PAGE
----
Welcome To Cub Scouts!


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Orientation Presentation for New Parents

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Welcome To Cub Scouts!

  1. 1. Welcome to Cub Scouts pack 529 holy cross!<br />(how it all works)<br />
  2. 2. Which Den does my son belong to?<br />As a boy begins the Boy Scout Trail, he joins other boys his own age. He can start the scouting program from 6 (starting 1st grade) to 17 years old. The Cub Scout age program is for 1st graders through 3rd graders - Tiger cubs, Wolf scouts, and Bear scouts. After completing Bear scout requirements, scouts begin their Webelos program. <br />
  3. 3. Where does my Son fit in the Pack?<br />Every Cub Scout is a member of a Cub Scout pack. A pack is a large group of boys. <br />The pack is divided into smaller groups called dens. Each den has about six to eight boys. All of the Cub Scouts in a den are about the same age and generally live in the same area.<br />
  4. 4. Where does my Pack fit in the District?<br />24 Packs, as well as Boy Scout Troops, Varsity Scouts, Explorers, and Sea Scouts Units form the Seminole Trails District. <br />
  5. 5. Where does my District fit in the Council?<br />14 Districts form the Central Florida Council <br />
  6. 6. Where does my Council fit Nationally?<br />93 Councils make up the Southern Region. <br />4 Regions make up the National Council.<br />BSA National Council is in Irving, Texas. <br />
  7. 7. Who runs the Pack?<br />The Pack includes not only the boys in those dens, but also their families, and their leaders. The Cubmaster is an adult volunteer who serves as master of ceremonies at all Pack meetings and leads Pack activities of all kinds. Pack leadership positions may be held by women or men. The Pack Committee is a group of adult volunteers who plan the Pack program and individual activities as well as managing such things as record keeping, finance, leadership recruitment, and registration. The Pack Committee meets monthly and meetings are open to any interested parent. <br />
  8. 8. How often do we meet?<br />The Pack includes not only the boys in those dens, but also their families, and their leaders.<br />Den Meetings within the Fast Tracks system are twice a month. <br />The Pack meets once a month with Cub Scouts, leaders, parents and other family members attending. The Pack meeting is the climax of the month&apos;s den meetings and activities. It gives the dens something to look forward to and work toward. This is a chance to recognize the boys, their parents, and their leaders. . The Pack Committee meets monthly and meetings are open to any interested parent. These meetings are designed for strategic planning of all aspects of the Scouting Program.<br />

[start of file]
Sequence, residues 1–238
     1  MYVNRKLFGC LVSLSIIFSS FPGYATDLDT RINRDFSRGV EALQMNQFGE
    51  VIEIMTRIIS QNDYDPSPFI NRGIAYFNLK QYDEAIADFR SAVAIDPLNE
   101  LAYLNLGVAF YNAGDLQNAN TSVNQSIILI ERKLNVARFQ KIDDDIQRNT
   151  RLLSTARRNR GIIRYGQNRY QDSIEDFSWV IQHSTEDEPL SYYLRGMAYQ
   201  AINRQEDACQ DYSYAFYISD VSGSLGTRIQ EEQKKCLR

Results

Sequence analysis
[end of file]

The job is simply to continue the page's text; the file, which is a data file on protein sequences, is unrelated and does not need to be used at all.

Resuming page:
9. 9. What’s all this going to cost?<br />TIGERS<br />Cub CapPrice: $12.99<br />WOLVES<br />New Tiger Cub Web BeltPrice: $7.99<br />BEARS<br />Cub Scout Uniform ShortsPrice: $19.99 - 22.99<br />WEBELOS<br />Cub Scout Ankle SocksPrice: $5.99<br />
  10. 10. Where does the Pack go?<br />Field trips – Fire Station, 911 Call Center, Airport, Sherriff’s Dept, Parks<br />Camping – Ft Wilderness ( Disney ), Camp LaNoChe ( Paisley Fl ), Moss Park, St Augustine, Jetty Park, and more<br />Events – Sanford Christmas Parade, Scouting for Food, Pinewood Derby, Blue and Gold Banquet<br />
  11. 11. What will my Son be working towards first?<br />When a boy is between the ages of seven and eleven years old or is (at least) in the first grade, he can become a Cub Scout. But, regardless of a qualifying boy&apos;s age, he must complete the Bobcat Trail as the first step in his Cub Scouting adventure. <br />In Rudyard Kipling&apos;s story, The Jungle Book, the black panther Bagheera is the mighty hunter that teaches the cubs the skills of the jungle. In Cub Scouting we use the symbol of the Bobcat. You&apos;ll find his trail in the Tiger Cub Handbook (BSA 34713), and the Wolf Handbook (BSA 33450), the Bear Handbook (BSA 33451), and the Webelos Handbook (BSA 33452) <br />Along this trail the Cub Scout learns the Cub Scout Promise, the Law of the Pack, and the Cub Scout Motto. These are the three most important things a boy must learn because they will help him through all of the trails of Scouting<br />